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Turkeys Gobble Up Bulletin Board Space



  • Arts & Humanities
    --Language Arts
    --Visual Arts
  • Social Studies


  • Pre K
  • K-2
  • 3-5

Brief Description

We’re “talking turkey” bulletin boards -- times two -- here!



  • give thought to what they are thankful for this Thanksgiving season.
  • follow directions as they create colorful feathers for a bulletin-board turkey.


Thanksgiving, turkey, thanks, bulletin board

Materials Needed You will find several ideas below. See each idea for easy-to-find material requirements.

Lesson Plan

We're talking turkey in this lesson -- turkey bulletin boards, that is! Maybe one of these lesson ideas will appeal to you and result in a nice bulletin board for your classroom or hallway.

Both of these bulletin board ideas begin with a simple outline of a turkey's body -- without tail feathers -- drawn on a bulletin board background of white or tan paper. You can create a simple turkey head and body outline by

  • drawing a large perfect circle (the turkey's body) in the lower center of the bulletin board.
  • hanging two simple legs (strips of brown paper with small crossed strips at the bottom to represent the turkeys' claws), and
  • adding a neck and head shaped like a large letter "p" (the lower end of the descending line of the p is stapled to the center of the body/circle and the rounded part of the p pokes just above the top of the circle/body).
For more guidance on creating a turkey's body, you might refer to this turkey outline. Draw your turkey's body without the tail feathers.

Once you have the body of the turkey, you are set to add feathers

Our "Giving Thanks" Thanksgiving Turkey
Traditionally, Thanksgiving has been a time to give thanks for the bounty of food that comes from gardens at harvest time. Our modern Thanksgiving has become a time to give thanks for that, and for many other things. So what are your students thankful for this Thanksgiving? You might pose that question to students one day. Let them share ideas. Write down some of their ideas. Then give each student a tail feather cut from colorful construction paper. Have each student decide what he or she is most thankful for; they should write that information on the tail feather and sign their name to it. Add each feather to the outline of the turkey's body on your bulletin board.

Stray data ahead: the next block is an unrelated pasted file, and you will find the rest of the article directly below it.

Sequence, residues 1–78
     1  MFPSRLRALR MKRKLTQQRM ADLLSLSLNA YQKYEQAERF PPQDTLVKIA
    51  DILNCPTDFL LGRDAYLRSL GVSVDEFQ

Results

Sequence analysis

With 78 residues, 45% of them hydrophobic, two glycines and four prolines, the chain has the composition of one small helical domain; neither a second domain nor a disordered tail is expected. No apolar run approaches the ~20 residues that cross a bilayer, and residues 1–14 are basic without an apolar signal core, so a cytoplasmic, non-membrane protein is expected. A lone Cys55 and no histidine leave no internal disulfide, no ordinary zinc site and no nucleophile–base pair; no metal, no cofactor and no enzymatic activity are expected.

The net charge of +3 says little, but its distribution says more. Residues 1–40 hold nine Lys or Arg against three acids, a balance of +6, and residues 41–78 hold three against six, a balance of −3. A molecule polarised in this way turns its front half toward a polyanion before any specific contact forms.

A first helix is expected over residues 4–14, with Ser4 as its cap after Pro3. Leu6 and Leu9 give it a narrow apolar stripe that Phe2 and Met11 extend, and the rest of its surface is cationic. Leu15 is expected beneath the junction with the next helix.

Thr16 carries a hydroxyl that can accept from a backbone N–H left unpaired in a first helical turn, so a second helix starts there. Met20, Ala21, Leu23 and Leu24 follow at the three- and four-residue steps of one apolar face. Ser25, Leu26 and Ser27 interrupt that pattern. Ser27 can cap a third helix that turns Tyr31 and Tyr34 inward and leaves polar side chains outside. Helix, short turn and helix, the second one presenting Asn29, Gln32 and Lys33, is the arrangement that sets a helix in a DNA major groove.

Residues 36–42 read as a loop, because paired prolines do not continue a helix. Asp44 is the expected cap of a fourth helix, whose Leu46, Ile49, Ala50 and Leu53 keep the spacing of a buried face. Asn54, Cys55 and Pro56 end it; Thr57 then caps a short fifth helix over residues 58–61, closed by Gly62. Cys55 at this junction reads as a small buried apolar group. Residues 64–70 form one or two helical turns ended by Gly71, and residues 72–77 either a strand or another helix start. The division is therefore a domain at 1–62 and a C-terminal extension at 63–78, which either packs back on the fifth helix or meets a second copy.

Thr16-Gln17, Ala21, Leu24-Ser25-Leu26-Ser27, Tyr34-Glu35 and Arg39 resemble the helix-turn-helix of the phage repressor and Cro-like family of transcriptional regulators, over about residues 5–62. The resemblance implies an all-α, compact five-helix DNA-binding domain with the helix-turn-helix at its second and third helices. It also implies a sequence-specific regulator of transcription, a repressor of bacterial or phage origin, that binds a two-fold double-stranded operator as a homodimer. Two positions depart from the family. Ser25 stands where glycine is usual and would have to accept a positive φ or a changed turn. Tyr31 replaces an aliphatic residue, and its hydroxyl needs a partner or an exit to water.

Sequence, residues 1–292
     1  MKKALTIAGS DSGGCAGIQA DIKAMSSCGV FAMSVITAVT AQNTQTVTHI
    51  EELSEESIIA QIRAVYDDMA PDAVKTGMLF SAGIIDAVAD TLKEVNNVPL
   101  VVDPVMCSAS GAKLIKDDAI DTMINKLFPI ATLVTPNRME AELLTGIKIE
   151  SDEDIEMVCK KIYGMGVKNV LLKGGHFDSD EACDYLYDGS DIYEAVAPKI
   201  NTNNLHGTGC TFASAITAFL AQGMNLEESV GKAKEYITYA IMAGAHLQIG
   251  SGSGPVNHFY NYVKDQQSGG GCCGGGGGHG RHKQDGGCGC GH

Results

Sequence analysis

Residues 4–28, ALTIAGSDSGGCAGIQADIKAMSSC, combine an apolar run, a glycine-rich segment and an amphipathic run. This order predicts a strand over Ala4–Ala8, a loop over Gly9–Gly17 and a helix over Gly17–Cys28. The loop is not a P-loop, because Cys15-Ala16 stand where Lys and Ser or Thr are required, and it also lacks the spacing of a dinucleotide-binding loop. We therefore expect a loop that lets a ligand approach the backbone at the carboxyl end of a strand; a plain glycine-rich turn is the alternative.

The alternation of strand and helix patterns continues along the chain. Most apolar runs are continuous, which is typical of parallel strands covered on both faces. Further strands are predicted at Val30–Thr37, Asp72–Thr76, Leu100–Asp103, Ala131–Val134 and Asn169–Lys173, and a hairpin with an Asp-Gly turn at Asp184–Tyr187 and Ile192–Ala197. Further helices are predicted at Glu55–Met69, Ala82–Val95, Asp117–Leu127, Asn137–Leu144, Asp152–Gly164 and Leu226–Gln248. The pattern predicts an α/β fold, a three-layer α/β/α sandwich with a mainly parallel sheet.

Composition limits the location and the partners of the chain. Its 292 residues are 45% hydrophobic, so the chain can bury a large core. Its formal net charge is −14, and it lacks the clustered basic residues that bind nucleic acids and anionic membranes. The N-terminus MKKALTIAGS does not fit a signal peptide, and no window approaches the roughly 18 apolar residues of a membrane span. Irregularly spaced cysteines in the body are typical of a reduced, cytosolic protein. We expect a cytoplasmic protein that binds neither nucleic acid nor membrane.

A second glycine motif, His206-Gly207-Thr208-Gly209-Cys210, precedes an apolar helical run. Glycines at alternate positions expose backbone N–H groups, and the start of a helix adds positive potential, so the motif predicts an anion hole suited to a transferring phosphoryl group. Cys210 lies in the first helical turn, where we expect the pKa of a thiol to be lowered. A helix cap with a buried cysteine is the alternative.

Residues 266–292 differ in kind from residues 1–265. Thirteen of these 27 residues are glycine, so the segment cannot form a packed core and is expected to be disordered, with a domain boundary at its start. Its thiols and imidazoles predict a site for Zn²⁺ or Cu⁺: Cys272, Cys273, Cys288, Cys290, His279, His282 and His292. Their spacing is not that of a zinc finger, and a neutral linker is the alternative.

A "Tail of Ties" Turkey
Whose father (or brother or uncle or grandfather) has the ugliest old tie stuffed in the back of his closet? Who has the most colorful one? Have students approach the adult men in their lives to collect the ugliest and most colorful ties they can find. (You might go to a used-clothing store and pick over their selection of ties to find some more; those stores often sell ties for a quarter or 50 cents.) Vote for the ugliest and most colorful ties and award special prizes to the students who brought them in. Fold the ties in half so the wider half of the tie (the part that would be seen if a person was wearing the tie) is on top. You're looking at a turkey tail feather! Place the folded edge of the tie behind the body of the turkey body drawn on your bulletin board. Extend it outward so the point of the tie serves as the end of the feather. Staple in several places to hold the tie-feather in place. You'll have the most unique turkey ever spotted in your neck of the woods!

Al-TURK-nate Ideas
Alternatives for making turkey tail feathers include

  • Give each student a sheet of bright-colored construction paper. Have them place their hand in a corner of the paper and trace the outline of their hand (palm and fingers). They should trace as many hand outlines as they can on their paper, then cut them out. Have students use a pencil to curl the fingers on their paper hands. Staple one student's hand immediately above the turkey body outline on the bulletin board, then slip another of that student's hands behind that one, and another behind that one, and so on, to create a row of hands extending from the turkey to look like a feather. In the same way, make another feather from another student's collection of cut-out hands.
  • Go to a local building supply store (for example, Home Depot) or a design center and ask if they have any wallpaper sample books that are no longer used. Create unique feathers from those colorful, patterned wallpaper samples.

More Ideas for Thanksgiving Fun
See more fun ideas in these Education World resources:



Lesson Plan Source

Submitted By

Gary Hopkins

FINE ARTS: Visual Arts
NA-VA.K-4.1 Understanding and Applying Media, Techniques, and Processes
GRADES 5 - 8
NA-VA.5-8.1 Understanding and Applying Media, Techniques, and Processes

NL-ENG.K-12.12 Applying Language Skills

See more Lesson Plans of the Day in our Lesson Plan of the Day Archive. (There you can search for lessons by subject too.)

For additional holiday lessons, see our Holiday Archive.

For additional lessons in the arts, see these Education World resources:

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Originally published 11/09/2005
Last updated 10/20/2010